What Does a Radiology Tech Do?
Radiology techs look inside the human body with only imaging equipment — no scalpel required. They are the health care professionals who perform diagnostic imaging procedures, such as X-rays and computed tomography (CT) scans. They often specialize in a certain modality, such as mammography or bone density scans. They can also specialize in the use of a certain machine, such as MRI technologists or technicians, who operate magnetic resonance imaging (MRI) scanners.
Radiology techs work closely with physicians. They typically work in hospitals or doctors’ offices. Their work hours may include nights, weekends and holidays. These health care specialists are in demand. Employment for radiology techs is expected to grow about 7% in the next decade, faster than the average for all occupations.
- Prepare patients for the procedure
- Review and update patient charts and doctor’s notes
- Prepare and administer the mixture that patients drink to create contrast in diagnostic images
- Position patients to ensure clear images
- Monitor patients during procedure
- Practice "ALARA," an acronym for As Low as Reasonably Achievable, which refers to keeping the exposure to radiation as far below the dose limits as possible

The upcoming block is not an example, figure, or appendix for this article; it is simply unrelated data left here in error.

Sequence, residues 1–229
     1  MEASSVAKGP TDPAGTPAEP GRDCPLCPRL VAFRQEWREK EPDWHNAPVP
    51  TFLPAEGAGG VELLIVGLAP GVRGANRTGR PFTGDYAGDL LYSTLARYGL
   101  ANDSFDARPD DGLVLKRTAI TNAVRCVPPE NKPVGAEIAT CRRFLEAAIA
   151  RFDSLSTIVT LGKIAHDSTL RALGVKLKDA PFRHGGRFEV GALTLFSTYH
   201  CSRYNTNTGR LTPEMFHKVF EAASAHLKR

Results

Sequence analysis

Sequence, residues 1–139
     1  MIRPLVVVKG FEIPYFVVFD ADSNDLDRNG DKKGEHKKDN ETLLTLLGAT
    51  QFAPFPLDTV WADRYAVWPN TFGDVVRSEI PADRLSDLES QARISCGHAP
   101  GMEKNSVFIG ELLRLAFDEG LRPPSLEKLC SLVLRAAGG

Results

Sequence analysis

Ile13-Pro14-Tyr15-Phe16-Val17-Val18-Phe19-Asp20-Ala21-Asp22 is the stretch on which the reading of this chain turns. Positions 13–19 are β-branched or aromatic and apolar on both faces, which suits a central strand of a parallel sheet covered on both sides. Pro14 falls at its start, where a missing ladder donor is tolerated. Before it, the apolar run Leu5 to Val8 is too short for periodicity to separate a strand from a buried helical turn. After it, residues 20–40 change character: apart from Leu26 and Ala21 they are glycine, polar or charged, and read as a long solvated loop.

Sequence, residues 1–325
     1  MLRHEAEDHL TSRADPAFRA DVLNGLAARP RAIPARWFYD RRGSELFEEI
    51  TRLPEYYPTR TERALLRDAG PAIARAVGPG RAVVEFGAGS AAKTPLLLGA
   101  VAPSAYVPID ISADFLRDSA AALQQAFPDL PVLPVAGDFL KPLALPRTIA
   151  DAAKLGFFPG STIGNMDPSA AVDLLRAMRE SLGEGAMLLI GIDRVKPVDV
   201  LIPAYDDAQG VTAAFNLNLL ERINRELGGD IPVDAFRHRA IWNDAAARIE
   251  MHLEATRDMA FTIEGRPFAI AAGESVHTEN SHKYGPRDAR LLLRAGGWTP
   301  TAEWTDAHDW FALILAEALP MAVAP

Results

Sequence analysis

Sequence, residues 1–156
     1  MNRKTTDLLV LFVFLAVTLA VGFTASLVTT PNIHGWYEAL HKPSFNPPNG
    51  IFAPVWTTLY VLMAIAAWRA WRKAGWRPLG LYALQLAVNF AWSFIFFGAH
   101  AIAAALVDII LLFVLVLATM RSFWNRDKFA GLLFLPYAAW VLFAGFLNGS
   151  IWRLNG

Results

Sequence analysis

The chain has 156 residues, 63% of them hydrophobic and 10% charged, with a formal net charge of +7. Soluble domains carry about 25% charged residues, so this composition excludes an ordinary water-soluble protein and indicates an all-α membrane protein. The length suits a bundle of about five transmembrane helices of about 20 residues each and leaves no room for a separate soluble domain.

- Calibrate the equipment
- Log and organize image results
- Develop film and assist radiologists with the interpretation of results
- Ensure the proper sterilization and maintenance of equipment
Radiology tech jobs require post-secondary education after high school, but there are several ways to achieve that goal. Some earn an associate degree at a community college. Others enroll in training programs that include classroom time and clinical work and lead to a certificate. A few obtain a bachelor’s degree.
Radiology techs graduate from an accredited program and get a license, which is required in most states. Some states and employers require techs to pass a certification exam or obtain certification from the American Registry of Radiologic Technologists (ARRT). To understand the rules in a particular state, consult the state’s health board.
Registered radiologic techs must complete 24 hours of continuing education every two years and be in good standing with the ARRT to renew their license. Continuing education can also open up new opportunities to explore other modalities such as mammogram, CT technology, DEXA and MRI.
- Have good physical strength
- Are detail-oriented
- Enjoy working with complex equipment and technology
- Have good interpersonal skills
- Have empathy
- Have strong math skills